A roundup of today’s big stories in hyperlocal content, commerce, and technology.
Tribune Resumes Limited Usage of Journatic (Chicago Tribune)
Five months after suspending Journatic for plagiarism and other ethical breaches in its TribLocal suburban newspapers, the Chicago Tribune announced to employees Thursday it will resume use of the hyperlocal content provider on a limited basis for such information as community listings. But the newspaper’s executives said the Tribune will not go back to using Journatic as a source of reported news stories for TribLocal.
Facebook’s Dan Levy Touts Small Business Growth: Advertisers Have Nearly Doubled Since January, Promoted 2.5M Posts (TechCrunch)
The Pages product is the center of a company’s presence on Facebook, and Levy said there are now a total of 13 million local business Pages. The number of active local business Pages has increased by more than 40 percent since January. And the number of those Pages that have bought advertising on Facebook has nearly doubled.
BIA/Kelsey: Deals Still Aim for $5.5B by 2016 (NetNewsCheck)
Despite recent woes, the deals industry is far from dead, according to BIA/Kelsey’s Peter Krasilovsky, speaking at ILM West 2012. Krasilovsky says deals are entering their next act, combining deals with loyalty and rewards programs, and expects the industry to hit $5.5 billion by 2016.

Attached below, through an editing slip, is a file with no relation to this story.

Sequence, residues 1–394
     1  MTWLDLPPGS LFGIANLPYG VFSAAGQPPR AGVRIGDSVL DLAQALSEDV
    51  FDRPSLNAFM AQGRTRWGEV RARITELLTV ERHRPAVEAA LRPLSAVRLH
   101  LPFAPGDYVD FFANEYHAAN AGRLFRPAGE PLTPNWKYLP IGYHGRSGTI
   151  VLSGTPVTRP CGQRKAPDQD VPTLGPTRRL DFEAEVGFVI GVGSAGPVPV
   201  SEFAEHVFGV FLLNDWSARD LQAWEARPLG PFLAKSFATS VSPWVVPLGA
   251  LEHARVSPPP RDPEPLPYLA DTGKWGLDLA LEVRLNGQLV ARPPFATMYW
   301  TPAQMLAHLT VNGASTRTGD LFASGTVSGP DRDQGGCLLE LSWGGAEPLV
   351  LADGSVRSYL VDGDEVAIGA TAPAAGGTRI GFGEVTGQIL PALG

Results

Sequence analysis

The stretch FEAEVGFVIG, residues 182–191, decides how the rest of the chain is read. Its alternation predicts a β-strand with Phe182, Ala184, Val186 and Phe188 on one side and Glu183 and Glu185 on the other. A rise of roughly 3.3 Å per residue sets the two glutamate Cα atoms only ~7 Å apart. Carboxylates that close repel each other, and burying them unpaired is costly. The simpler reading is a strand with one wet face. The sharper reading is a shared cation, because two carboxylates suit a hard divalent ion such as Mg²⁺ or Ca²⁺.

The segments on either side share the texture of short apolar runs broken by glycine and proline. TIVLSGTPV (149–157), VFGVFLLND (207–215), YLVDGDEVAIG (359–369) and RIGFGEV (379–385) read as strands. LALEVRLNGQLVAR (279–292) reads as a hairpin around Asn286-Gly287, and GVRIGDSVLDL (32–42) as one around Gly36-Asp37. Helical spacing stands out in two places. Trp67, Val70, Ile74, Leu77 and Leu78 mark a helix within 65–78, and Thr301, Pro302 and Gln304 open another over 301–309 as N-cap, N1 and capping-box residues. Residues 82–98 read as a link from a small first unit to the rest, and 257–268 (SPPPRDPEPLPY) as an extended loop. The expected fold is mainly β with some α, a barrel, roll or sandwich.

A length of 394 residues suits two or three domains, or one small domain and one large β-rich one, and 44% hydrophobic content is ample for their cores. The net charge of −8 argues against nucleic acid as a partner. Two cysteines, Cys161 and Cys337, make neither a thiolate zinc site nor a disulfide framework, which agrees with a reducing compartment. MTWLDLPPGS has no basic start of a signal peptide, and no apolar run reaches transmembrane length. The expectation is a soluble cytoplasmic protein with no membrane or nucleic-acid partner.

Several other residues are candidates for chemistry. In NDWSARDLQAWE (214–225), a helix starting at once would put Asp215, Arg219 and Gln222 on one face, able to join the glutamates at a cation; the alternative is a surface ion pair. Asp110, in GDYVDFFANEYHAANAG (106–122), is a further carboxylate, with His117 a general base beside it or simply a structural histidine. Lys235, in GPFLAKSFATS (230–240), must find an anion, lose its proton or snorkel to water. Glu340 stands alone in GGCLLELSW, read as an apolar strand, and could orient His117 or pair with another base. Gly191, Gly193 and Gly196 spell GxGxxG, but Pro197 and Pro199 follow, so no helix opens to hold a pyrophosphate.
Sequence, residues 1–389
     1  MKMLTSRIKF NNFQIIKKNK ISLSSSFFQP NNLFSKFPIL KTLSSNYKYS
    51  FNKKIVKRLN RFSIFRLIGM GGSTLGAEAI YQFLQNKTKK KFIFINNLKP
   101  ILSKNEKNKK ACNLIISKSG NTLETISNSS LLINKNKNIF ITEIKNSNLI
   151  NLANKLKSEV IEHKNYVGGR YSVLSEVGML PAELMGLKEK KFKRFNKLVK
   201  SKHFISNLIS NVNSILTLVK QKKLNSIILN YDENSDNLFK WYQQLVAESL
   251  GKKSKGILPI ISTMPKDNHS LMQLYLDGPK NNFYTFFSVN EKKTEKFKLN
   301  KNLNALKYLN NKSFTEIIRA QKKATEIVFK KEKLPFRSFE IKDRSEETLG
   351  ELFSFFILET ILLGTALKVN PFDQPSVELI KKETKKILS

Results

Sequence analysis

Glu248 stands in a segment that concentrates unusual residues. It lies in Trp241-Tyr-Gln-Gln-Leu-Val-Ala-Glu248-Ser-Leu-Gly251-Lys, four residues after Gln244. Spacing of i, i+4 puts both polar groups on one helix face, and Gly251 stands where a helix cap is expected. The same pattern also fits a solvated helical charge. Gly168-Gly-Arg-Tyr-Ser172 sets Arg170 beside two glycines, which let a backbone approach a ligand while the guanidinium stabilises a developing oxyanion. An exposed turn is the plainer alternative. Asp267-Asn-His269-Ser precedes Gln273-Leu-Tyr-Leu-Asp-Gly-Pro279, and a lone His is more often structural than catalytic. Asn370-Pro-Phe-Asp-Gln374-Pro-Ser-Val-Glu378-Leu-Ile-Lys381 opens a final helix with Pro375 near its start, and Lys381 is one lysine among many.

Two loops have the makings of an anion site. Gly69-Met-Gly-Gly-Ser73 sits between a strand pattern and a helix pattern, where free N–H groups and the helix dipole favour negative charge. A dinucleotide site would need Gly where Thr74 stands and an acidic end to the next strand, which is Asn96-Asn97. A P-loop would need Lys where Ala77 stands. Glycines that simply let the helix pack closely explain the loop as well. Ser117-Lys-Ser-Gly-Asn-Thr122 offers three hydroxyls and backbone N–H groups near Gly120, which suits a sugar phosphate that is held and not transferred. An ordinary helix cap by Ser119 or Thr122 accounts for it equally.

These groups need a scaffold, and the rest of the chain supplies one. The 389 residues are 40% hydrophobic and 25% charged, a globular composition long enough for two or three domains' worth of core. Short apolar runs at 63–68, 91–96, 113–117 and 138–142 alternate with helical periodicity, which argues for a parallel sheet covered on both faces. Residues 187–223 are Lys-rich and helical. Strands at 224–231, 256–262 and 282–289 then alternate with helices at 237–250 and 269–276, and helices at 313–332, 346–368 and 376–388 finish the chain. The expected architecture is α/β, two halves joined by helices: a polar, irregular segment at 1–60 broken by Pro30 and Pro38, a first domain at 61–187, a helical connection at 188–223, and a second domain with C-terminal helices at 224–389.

Can Local Newspapers Collaborate with Blogs? (PBS MediaShift)
J-Lab: With U.S. newspapers losing more than 42,000 journalists since 2007, local news coverage has suffered. At the same time, hundreds of local blogs and news sites have launched in their markets . What role can traditional news organizations play not only to expose their audiences to more news than they themselves can deliver, but also to connect new sources of information rising throughout their communities?
Foursquare Gets Better for Business: You Can Now Add Events to Your Venue (TechCrunch)
Foursquare has announced that businesses can now add events to their venues. This is a pretty huge step toward helping you find new places to go and tell your friends about why you go there – without doing any work.
Mobile Engagement at Krispy Kreme: Clever Sensors Ping Doughnut Lovers (TechTarget)
About a year ago, Krispy Kreme started offering a mobile application that alerts nearby customers to when the company’s “Hot Now” light glows. Without spending a penny on marketing, Krispy Kreme saw a 6.8% increase in same-store sales since the app hit the market, according to Melissa Parrish, analyst at Forrester Research Inc. in Cambridge, Ma.